Saif Ali Khan believes he has led a “creative life”, which has been all about learning and evolving with the times, despite the bad start in his career.
In the past two decades, Khan has created a versatile filmography — a combination of commercial hits like ‘Dil Chahta Hai’, ‘Race’, ‘Love Aaj Kal’ and ‘Cocktail’, as well as critically-acclaimed films such as ‘Ek Hasina Thi’, ‘Being Cyrus’, ‘Omkara’ and ‘Tanhaji’.
At 51, the actor says he is now a more aware individual compared to the person he was when he made his debut with 1993 film ‘Parampara’.
“I was completely clueless and now I’m a little bit less clueless, that’s the extent of my evolving. I mean, one learns and life teaches you things. If you keep doing the same thing and you don’t change, then you age in a different way. But if you do evolve and if you are learning and expanding, you can be interesting at 50. You have a lot of experience,” Khan said in an interview.
Son of veteran actor Sharmila Tagore and the late cricketer Mansoor Ali Khan Pataudi, Khan said there have been many “influences” be it his father, who was the son of Iftikhar Ali Khan Pataudi, the last ruler of the princely state of Pataudi during the British Raj, or his mother, who is a member of the prominent Tagore family of Bengal.
“I think I’ve done well from the art I’ve collected to the homes I’ve built to the kind of heritage I’ve tried to look after, Pataudi, to the work I’m doing. It’s been a creative life so far, especially with a bit of a bad start.
“I think there have been influences that I’ve been very lucky to have like the kind of academic educational influences or even the influences of my father and the legacy of my grandfather, the Tagores. There are a lot of things that come into play in what makes a person,” he explained.
Khan was once dubbed the ‘chocolate boy’ of Indian cinema due to his clean, suave appearances in films such as ‘Imtihaan’, ‘Yeh Dillagi’, ‘Main Khiladi Tu Anari’ and ‘Tu Chor Main Sipahi’, but with his performance in movies like ‘Rehna Hai Tere Dil Mein’, ‘Being Cyrus’ and ‘Ek Haseena Thi’, the actor proved that there was more to him than just good looks.
“I’ve always thought that it’s interesting to do different stuff really. I just thought Homi (Adajania, director of ‘Being Cyrus’) was very interesting and making an English movie would be fun.
“I thought ‘Ek Haseena Thi’ would be great because I was doing ‘Kal Ho Na Ho’ and everyone said, ‘chocolate boy’. And I thought, it’d be quite cool to play this kind of role. Ram Gopal Varma (producer of ‘Ek Haseena Thi’) gave me a chance to act like somebody else,” explained Khan.
These movies led him to ‘Omkara’, filmmaker Vishal Bharadwaj’s 2006 masterpiece that was inspired by William Shakespeare’s tragedy ‘Othello’.
In the movie, Khan essayed the role of conniving Langda Tyagi, a role that was in stark contrast from the suave, urban characters he had played in his earlier movies.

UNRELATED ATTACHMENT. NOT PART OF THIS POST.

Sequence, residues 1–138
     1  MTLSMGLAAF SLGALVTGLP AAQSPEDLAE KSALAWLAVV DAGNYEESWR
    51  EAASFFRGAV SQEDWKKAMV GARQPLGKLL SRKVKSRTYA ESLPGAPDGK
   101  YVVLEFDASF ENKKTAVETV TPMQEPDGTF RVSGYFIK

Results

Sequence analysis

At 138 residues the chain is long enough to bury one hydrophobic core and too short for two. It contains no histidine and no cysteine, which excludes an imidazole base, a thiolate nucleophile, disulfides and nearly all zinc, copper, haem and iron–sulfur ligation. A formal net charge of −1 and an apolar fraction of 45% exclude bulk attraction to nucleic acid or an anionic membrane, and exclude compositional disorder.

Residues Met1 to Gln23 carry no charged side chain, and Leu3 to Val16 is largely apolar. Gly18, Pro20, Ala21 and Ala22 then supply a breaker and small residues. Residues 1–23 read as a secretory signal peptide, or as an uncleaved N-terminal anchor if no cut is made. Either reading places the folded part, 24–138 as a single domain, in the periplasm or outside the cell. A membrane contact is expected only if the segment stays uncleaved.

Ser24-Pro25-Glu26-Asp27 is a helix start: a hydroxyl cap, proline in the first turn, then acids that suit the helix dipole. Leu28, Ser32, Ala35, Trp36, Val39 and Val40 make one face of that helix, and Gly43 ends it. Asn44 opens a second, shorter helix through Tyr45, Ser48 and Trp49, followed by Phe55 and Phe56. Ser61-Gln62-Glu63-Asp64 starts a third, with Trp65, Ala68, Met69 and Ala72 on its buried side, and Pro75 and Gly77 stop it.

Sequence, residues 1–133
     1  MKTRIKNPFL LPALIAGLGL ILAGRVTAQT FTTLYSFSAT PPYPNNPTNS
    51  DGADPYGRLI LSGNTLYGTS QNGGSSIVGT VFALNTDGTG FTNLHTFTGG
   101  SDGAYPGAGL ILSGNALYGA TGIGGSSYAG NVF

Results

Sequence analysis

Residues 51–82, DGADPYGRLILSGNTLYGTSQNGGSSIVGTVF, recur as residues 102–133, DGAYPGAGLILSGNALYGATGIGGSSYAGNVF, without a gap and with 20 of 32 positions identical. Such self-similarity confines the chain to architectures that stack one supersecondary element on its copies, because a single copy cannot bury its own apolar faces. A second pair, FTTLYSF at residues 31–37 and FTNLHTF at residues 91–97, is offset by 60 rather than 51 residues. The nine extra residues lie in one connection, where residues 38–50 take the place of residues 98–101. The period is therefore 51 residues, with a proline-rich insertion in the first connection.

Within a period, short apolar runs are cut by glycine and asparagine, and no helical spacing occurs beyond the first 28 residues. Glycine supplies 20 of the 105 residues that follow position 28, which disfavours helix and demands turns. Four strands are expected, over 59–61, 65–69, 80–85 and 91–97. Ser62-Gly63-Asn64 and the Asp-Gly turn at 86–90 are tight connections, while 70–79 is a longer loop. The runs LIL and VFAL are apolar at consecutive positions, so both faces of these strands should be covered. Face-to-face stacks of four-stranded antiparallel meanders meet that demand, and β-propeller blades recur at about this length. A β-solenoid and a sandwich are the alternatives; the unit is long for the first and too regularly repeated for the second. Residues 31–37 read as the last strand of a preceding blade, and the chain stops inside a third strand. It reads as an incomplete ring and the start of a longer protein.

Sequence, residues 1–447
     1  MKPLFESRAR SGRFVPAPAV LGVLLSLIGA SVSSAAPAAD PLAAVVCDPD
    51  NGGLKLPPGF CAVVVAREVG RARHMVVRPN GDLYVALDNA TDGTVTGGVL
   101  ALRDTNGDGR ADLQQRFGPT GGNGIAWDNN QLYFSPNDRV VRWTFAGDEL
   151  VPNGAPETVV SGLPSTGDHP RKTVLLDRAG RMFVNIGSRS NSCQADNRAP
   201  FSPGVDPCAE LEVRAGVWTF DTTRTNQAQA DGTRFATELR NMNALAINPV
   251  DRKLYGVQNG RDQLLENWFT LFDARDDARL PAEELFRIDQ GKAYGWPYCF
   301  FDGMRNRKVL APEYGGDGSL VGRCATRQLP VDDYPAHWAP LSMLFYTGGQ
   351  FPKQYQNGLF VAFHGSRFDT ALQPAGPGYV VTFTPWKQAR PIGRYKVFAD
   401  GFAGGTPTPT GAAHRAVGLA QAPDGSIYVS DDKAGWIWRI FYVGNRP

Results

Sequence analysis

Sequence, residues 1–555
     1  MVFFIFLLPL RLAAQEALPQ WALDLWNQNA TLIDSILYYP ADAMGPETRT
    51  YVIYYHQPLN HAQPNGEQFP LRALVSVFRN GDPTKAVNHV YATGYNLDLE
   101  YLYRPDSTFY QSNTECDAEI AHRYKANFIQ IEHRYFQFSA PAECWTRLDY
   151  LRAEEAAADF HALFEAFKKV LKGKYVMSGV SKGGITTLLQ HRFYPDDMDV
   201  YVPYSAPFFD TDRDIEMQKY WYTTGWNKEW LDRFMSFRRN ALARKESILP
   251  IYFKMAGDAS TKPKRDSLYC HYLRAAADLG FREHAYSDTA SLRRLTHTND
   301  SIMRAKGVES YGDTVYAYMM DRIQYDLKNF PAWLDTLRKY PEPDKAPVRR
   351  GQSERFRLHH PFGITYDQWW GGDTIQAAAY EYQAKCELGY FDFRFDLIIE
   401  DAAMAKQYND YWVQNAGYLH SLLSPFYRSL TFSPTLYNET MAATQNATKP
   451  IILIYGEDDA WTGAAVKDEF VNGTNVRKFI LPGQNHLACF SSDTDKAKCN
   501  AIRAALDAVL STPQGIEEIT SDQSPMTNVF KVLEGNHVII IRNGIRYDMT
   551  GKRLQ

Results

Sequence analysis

Now 15 years later, the actor admits that ‘Omkara’ turned his career around, but at the same time, he believes that there are many other performances which have been equally praised by critics and fans.
“I think somewhere ‘Omkara’ has set a benchmark early on in my career. I don’t think you can do more and be totally different. So I’m very happy with that benchmark and very proud of that movie, but I constantly feel there has to be more to life than ‘Omkara’,” he stated. “For some of my other films, very often people have written that ‘this is his best performance to date’. So that’s great that they’ve said that. So as long as that keeps happening, it’s good.”
He gave the example of ‘Tanhaji’, in which he played antagonist Udaybhan Singh Rathod.
“I really think that ‘Tanhaji’ was amazing and the role of Lankesh in ‘Adipurush’ is amazing,” he added.
‘Adipurush’, Khan’s upcoming film, is being directed by Om Raut, who also helmed ‘Tanhaji’.
The new film, based on the Hindu epic Ramayana, features South star Prabhas in the titular role with Kriti Sanon playing the role of Sita.
Khan said if he had a chance to redo things, he would revisit the films that he did in the ’90s and make them better.
“I would love to have the chance to do all those things with the ability to do it a bit better. Even though I think a lot of those films had freshness. I was really trying my best in a very inhibited way,” he explained. “So I’m very proud of all of that stuff because we’ve done it in really tough situations. [But] there are many movies that I’d like to revisit and do again so that they can be better.”
At the same time, the actor is happy that the film industry has evolved for better as there is no demarcation between characters that are heroic and villainous in nature.
It was the industry’s innumerable award functions that used to bracket actors into various categories like the best villain or best comedian, he said.
“A lot of award functions in India are extensions of TV channels. I think every major channel has a different award function. They try to get as many actors as possible to then say, give this guy best villain, give this guy best comedian and give this guy best actor.
“So it kind of loses credibility, but it suits the actors most of the time. They are happy to get an award and be part of the system. But the real winner is the TV channel. So they make a TV show out of it and we are all junior artists — attending, performing, doing this and doing that.”